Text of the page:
Context and problematics:
Optical microscopy techniques are among the preferred methods for biological studies, thanks to their unique capability of imaging living specimens in 3-D. Tomographic diffractive microscopy (TDM) is a new technique, which permits to image transparent specimens in 3-D , without preparation or staining. It combines micro-holography with tomographic acquisitions, performed by either specimen rotation or illumination scanning. It allows for the measurement of the specimen index of refraction distribution in 3-D, and with a resolution twice better than conventional microscopy.
IRIMAS has built such a microscope [2,3], which has demonstrated its ability to reach an isotropic 3-D resolution in the 100 nm range .
The HORUS project, involving a collaboration between the IRIMAS laboratory (Mulhouse), the Hubert Curien laboratory (Saint-Étienne) and the IGBMC institute (Strasbourg), and funded by the Agence Nationale de la Recherche (ANR), aims at improving this imaging technique in terms of instrumentation and image processing for reconstruction. The goal is to adapt the technique to the imaging of living samples.
Subject of the Post-Doc:
The Post-Doc is inserted in the improving task of 3D reconstruction algorithms, which is an active research area. The recruited candidate will have to improve or overcome already existing reconstruction methods, mostly based on the direct inversion of first Born approximation [5,2,6]. The HORUS project particularely aims at exploring inverse problems approaches to perform the reconstruction [7,8,9,10,11], with the ambitious challenge of reaching high spatial and temporal resolution to make possible to image microscopic living samples. In this context, one of the main concerns is the numerical modelization of the image formation process, which deals with 3D diffraction physics [12,13,14,6], which is a correlated task of the HORUS project.
High interactions and transfers of knowledge will occur with the IRIMAS laboratory. A PhD thesis at IRIMAS, mixing instrumentation and image processing (subject available on the web site of the GdR ISIS: http://www.gdr-isis.fr/news/5657/121/High-Resolution-Tomographic-Diffractive-Microscopy-Instrumentation-and-Image-processing.html), will also start soon, and will be highy interconnected with this Post-Doc.
Required skills: signal and image processing, physical optics (interferometry, diffraction). An experience in image reconstruction (digital holography, tomography) and/or inverse problems (modelization, regularization, numerical optimization) would be a valuable additional asset.
 O. Haeberlé, K. Belkebir, H. Giovaninni, and A. Sentenac. Tomographic diffractive microscopy: basics, techniques and perspectives. Journal of Modern Optics, 57(9):686–699, May 2010.
 Matthieu Debailleul, Bertrand Simon, Vincent Georges, Olivier Haeberlé, and Vincent Lauer. Holographic microscopy and diffractive microtomography of transparent samples. Measurement Science and Technology, 19(7):074009, 2008.
 B. Simon, M. Debailleul, V. Georges, V. Lauer, and O. Haeberlé. Tomographic diffractive microscopy of transparent samples. The European Physical Journal - Applied Physics, 44(1):29–35, October 2008.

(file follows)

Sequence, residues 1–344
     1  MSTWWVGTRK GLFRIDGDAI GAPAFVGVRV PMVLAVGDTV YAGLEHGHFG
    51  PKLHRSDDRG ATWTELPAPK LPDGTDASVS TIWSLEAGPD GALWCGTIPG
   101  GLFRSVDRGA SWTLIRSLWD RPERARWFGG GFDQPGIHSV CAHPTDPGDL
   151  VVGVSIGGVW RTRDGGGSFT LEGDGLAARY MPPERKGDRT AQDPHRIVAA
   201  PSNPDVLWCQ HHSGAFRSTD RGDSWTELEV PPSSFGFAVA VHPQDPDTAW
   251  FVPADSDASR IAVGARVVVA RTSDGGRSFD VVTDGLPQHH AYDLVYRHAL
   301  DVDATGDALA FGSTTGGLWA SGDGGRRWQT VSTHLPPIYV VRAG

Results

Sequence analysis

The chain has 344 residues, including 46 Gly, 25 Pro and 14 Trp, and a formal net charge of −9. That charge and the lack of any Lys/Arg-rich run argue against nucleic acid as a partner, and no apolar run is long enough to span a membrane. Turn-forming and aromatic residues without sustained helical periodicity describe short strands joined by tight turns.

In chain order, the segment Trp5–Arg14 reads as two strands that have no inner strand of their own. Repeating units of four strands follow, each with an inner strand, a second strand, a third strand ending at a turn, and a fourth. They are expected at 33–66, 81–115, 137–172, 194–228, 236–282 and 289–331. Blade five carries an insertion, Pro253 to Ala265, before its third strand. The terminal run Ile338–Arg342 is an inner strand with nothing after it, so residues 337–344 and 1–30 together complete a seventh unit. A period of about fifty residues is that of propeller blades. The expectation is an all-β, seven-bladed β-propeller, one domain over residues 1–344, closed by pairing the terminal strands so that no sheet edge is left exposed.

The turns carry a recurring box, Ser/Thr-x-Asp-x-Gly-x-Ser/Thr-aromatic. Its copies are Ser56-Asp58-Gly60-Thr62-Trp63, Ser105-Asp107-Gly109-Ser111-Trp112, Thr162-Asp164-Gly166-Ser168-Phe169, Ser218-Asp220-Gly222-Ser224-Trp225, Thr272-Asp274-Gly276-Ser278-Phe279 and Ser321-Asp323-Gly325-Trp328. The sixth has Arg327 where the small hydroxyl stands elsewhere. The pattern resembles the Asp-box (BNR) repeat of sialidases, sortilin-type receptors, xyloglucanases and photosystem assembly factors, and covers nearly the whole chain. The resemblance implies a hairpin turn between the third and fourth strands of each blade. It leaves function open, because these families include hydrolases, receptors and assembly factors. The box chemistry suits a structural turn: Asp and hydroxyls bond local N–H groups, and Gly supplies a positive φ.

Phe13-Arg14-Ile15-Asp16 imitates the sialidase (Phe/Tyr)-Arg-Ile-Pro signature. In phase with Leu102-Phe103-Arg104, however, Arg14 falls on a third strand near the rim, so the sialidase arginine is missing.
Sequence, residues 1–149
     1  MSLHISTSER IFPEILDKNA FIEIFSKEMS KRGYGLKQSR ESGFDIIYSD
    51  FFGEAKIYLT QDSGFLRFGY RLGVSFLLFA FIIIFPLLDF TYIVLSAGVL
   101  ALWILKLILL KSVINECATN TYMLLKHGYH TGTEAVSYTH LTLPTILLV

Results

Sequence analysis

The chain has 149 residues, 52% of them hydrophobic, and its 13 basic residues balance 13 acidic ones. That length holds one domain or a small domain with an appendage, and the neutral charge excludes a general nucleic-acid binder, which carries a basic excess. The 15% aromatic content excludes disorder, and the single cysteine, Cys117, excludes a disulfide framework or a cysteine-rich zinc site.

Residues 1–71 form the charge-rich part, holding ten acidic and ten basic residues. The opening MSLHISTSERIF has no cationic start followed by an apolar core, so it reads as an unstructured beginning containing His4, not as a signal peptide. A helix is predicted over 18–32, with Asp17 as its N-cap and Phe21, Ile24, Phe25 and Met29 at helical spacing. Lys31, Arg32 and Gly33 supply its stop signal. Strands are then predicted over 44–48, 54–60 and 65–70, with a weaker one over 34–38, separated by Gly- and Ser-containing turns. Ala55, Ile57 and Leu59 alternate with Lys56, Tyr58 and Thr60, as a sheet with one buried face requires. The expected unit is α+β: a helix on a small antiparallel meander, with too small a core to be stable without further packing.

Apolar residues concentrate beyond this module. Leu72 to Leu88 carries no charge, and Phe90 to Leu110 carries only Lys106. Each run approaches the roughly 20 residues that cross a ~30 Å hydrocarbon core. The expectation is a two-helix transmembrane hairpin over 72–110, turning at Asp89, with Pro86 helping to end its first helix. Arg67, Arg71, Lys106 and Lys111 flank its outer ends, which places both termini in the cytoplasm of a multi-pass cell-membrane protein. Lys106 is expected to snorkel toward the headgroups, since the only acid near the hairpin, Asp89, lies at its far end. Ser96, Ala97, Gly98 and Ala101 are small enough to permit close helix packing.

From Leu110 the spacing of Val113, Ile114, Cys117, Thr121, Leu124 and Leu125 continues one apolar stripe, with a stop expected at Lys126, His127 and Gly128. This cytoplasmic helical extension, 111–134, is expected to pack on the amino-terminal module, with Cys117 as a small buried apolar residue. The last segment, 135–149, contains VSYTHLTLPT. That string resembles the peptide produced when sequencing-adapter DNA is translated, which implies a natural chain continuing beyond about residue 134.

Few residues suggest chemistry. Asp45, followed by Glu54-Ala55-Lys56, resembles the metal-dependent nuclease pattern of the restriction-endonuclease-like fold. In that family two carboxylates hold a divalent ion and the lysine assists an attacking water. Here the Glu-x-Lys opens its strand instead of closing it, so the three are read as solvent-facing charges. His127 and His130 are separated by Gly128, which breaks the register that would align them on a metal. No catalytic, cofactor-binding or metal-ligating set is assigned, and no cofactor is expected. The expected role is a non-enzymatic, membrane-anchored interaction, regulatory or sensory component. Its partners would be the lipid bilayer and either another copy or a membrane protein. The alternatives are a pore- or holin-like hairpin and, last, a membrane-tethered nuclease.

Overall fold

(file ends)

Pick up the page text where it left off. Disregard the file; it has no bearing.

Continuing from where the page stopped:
Bertrand Simon, Matthieu Debailleul, Mounir Houkal, Carole Ecoffet, Jonathan Bailleul, Joël Lambert, Arnaud Spangenberg, Hui Liu, Olivier Soppera, and Olivier Haeberlé. Tomographic diffractive microscopy with isotropic resolution. Optica, 4(4):460–463, April 2017.
 Emil Wolf. Three-dimensional structure determination of semi-transparent objects from holographic data. Optics Communications, 1(4):153–156, September 1969.
 J. Bailleul, B. Simon, M. Debailleul, L. Foucault, N. Verrier, and O. Haeberlé. Tomographic diffractive microscopy: Towards high-resolution 3-D real-time data acquisition, image reconstruction and display of unlabeled samples. Optics Communications, 422:28–37, September 2018.
 Yongjin Sung, Wonshik Choi, Christopher Fang-Yen, Kamran Badizadegan, Ramachandra R. Dasari, and Michael S. Feld. Optical diffraction tomography for high resolution live cell imaging. Optics Express, 17(1):266, January 2009.
 Micah H. Jenkins and Thomas K. Gaylord. Three-dimensional quantitative phase imaging via tomographic deconvolution phase microscopy. Applied Optics, 54(31):9213–9227, November 2015.
 Anthony Berdeu, Fabien Momey, Bastien Laperrousaz, Thomas Bordy, Xavier Gidrol, Jean-Marc Dinten, Nathalie Picollet-D’hahan, and Cédric Allier. Comparative study of fully three-dimensional reconstruction algorithms for lens-free microscopy. Applied Optics, 56(13):3939–3951, May 2017.
 H. Y. Liu, U. S. Kamilov, D. Liu, H. Mansour, and P. T. Boufounos. Compressive imaging with iterative forward models. In 2017 IEEE International Conference on Acoustics, Speech and Signal Processing (ICASSP), pages 6025–6029, March 2017.
 Thanh-An Pham, Emmanuel Soubies, Alexandre Goy, Joowon Lim, Ferréol Soulez, Demetri Psaltis, and Michael Unser. Versatile reconstruction framework for diffraction tomography with intensity measurements and multiple scattering. Optics Express, 26(3):2749–2763, February 2018.
 U. S. Kamilov, I. N. Papadopoulos, M. H. Shoreh, A. Goy, C. Vonesch, M. Unser, and D. Psaltis. Optical Tomographic Image Reconstruction Based on Beam Propagation and Sparse Regularization. IEEE Transactions on Computational Imaging, 2(1):59–70, March 2016.
 Emmanuel Soubies, Thanh-An Pham, and Michael Unser. Efficient inversion of multiple-scattering model for optical diffraction tomography. Optics Express, 25(18):21786–21800, September 2017.
 H. Y. Liu, D. Liu, H. Mansour, P. T. Boufounos, L. Waller, and U. S. Kamilov. SEAGLE: Sparsity-Driven Image Reconstruction under Multiple Scattering. IEEE Transactions on Computational Imaging, PP(99):1–1, 2017.